However, what most people don't know is that a paradox is not an unsolvable contradiction but a seeming one. And one evening, while walking the dogs and as always pondering on this problem, I suddenly got the solution.

It will be helpful if we realize that there is yet another trap in the philosophy behind the usual method: as we saw, one day after birth the sun and the MC will still stand conjunct. This suggests that the MC and the sun travel together. In reality however, the Sun has progressed by about one degree in one day, while the MC will have made a complete round of 360 degrees + 1! In other words, it is not true that they progress together. They just meet again once each progressed day. The same happens when in the radix the Sun is exactly at the ascendant, or at any other cusp, or at any other position within the houses.

Therefore, what we really measure in the usual method is what progress the sun, independently and on its own, makes in the time it takes for that same sun and the MC together to take again their radical mutual position and then we add the arc the sun has made in that time to the radical MC. This formula provides us with the solution for the paradox: in the French method we should, in the same way, for the moment when the progressed sun is conjunct to the progressed ascendant again, not look at what position the actual MC is, but what progress the sun in that time has made from its own radical position and then add that arc to the radical MC. This way, the possible difference to the usual method in passed time since birth will still be the same couple of hours. But we do not look at the position of the MC at this moment (may be some tens of degrees off, giving a deviation of as many years) but at the progression, in that time, of the secondary sun, that in a couple of hours may differ by at most say 10 minutes of arc, equals only 2 progressed months!

Since deviations of time up to half a year are not uncommon in primary directions, it will be clear that here we have quite an acceptable key since it is theoretically correct and its results are roughly the same as with the usual key.


We now know how to calculate a progressed horoscope for the anniversary of a radix where the sun is exactly conjunct to the MC or to the Ascendant. Our formula is:

Calculate the progression of the secondary sun for the moment when one astrological day has passed (i.e. when the sun has returned to its radical position), then add this arc to the radical MC.

What if the radical sun is at a random position, somewhere in a house? Then too one astrological day will have passed when the sun returns to 'the same place in the houses as at birth. But how should we define (and calculate) this "same place in the houses"?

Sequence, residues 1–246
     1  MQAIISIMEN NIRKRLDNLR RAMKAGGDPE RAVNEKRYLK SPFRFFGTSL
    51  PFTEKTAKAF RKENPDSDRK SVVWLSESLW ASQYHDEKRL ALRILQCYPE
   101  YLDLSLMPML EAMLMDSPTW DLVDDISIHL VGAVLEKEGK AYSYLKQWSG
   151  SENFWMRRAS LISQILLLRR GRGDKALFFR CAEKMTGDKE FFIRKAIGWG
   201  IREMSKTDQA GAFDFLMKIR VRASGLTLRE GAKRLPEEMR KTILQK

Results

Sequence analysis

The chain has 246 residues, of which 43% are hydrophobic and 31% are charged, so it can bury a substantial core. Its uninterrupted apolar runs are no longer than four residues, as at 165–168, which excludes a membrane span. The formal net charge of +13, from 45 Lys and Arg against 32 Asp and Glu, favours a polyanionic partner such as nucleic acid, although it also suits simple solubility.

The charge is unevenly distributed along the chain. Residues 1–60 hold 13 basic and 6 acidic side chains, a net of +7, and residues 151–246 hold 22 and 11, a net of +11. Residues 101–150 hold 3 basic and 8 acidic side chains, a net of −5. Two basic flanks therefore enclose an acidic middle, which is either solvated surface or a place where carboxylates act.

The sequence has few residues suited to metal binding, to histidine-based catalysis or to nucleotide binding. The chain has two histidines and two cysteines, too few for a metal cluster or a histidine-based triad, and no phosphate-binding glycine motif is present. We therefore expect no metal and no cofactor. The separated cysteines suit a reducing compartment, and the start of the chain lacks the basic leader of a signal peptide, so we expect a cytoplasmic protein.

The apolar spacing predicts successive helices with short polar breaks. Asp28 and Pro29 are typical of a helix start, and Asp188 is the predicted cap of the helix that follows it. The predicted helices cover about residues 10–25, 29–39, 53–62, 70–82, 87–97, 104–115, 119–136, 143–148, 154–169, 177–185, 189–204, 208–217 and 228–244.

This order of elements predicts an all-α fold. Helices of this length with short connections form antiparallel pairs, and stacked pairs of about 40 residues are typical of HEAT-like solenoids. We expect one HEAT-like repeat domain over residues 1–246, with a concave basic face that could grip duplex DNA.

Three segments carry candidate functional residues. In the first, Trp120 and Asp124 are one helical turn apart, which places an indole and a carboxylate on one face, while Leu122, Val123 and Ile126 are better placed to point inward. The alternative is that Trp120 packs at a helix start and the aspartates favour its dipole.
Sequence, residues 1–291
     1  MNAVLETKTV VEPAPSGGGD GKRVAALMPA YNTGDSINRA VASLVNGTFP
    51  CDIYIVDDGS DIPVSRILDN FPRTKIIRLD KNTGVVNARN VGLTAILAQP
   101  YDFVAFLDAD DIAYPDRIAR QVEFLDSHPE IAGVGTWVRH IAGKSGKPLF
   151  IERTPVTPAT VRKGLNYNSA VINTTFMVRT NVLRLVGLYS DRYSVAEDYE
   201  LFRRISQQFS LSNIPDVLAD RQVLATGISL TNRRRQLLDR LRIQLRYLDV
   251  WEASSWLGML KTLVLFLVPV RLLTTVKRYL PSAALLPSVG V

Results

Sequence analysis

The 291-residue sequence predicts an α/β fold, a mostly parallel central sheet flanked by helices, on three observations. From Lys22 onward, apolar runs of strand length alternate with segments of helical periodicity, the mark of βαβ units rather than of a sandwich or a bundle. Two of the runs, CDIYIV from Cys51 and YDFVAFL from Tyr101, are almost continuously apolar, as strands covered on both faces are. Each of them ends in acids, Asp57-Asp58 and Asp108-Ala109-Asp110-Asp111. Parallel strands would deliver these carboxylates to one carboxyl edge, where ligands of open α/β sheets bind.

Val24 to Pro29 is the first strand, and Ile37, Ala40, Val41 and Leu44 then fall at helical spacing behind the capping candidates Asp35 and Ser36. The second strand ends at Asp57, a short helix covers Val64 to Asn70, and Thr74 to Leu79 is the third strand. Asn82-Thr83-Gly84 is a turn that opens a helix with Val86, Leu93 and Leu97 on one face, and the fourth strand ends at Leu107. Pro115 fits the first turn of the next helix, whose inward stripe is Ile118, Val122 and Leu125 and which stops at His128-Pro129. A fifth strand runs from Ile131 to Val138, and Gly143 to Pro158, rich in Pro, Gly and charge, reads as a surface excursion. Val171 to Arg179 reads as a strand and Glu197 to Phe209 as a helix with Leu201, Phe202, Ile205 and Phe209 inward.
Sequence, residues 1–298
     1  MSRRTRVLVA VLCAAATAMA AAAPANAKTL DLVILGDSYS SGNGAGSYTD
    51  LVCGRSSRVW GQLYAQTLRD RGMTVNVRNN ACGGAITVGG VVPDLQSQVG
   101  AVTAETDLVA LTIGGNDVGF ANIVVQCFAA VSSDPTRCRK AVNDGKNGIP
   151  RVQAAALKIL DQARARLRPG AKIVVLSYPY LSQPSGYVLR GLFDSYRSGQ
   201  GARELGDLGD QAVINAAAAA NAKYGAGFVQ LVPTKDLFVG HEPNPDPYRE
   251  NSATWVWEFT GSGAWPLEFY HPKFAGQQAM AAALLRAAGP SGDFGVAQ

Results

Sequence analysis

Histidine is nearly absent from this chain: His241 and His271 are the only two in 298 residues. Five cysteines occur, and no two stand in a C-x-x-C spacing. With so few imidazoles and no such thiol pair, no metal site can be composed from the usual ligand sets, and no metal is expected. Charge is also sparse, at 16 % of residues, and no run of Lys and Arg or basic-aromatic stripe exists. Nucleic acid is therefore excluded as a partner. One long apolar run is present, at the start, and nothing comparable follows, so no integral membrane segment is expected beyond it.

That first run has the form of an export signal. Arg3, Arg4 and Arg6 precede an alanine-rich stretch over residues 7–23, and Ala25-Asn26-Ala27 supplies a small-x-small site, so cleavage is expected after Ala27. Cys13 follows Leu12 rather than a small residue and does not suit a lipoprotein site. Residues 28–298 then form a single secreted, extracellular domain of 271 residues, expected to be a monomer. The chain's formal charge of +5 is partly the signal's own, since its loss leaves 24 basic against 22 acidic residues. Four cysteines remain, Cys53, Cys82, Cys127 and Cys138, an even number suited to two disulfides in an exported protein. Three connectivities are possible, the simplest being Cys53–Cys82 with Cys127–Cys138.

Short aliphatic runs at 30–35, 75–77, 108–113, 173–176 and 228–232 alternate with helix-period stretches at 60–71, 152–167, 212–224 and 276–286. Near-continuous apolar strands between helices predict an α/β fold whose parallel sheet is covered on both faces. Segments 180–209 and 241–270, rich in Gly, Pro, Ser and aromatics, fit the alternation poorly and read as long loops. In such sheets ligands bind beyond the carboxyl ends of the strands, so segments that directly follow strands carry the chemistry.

Quite unexpectedly and all of a sudden we see here one more practical application of the concept of mundane longitude as I exposed it in my article Mundane Longitudes. In this theory, we suppose that the arc of 360 degrees that the sun traverses through the twelve Signs of the zodiac in one year is equal (analogous) to its virtual movement around the earth, once more 360 degrees, in one day through the twelve Houses. The passage of the sun through one house (say the fifth one) somehow equals the passage of the sun through the thirty degrees of the fifth sign, Leo etcetera. We also applicate this principle to portions of houses: a planet halfway in the fifth house has got a mundane position of 15 Leo.

This gives us a most valuable tool to further refine our solar key, for it means the sun's (mundane) movement through one house, small or large, is equal to its zodiacal movement through one sign. Which means that, for example, its movement through one thirtieth of a house, be this large or small, equals its movement (transit) through one degree of the zodiac. This principle can be applied to almost any housing system but as usual I have found it fruitful with Placidus.

Suppose we have the radical sun exactly at the MC, the tenth house, and its radical longitude is at exactly 0 Leo, and we want to calculate the data for a given date when the actual transit sun is at 0 Cancer, which is its radical position minus one sign. Then we must calculate at what GMT on the secondary day the actual sun was at the cusp of the (tenth minus one = ) ninth house and for that moment calculate its zodiacal longitude. Minus the longitude of the radical sun is the desired arc. Because of the changes in the sun's position in the houses for the same GMT on consecutive secondary days, the relationships between the secondary GMT and the day of the year will vary from year to year.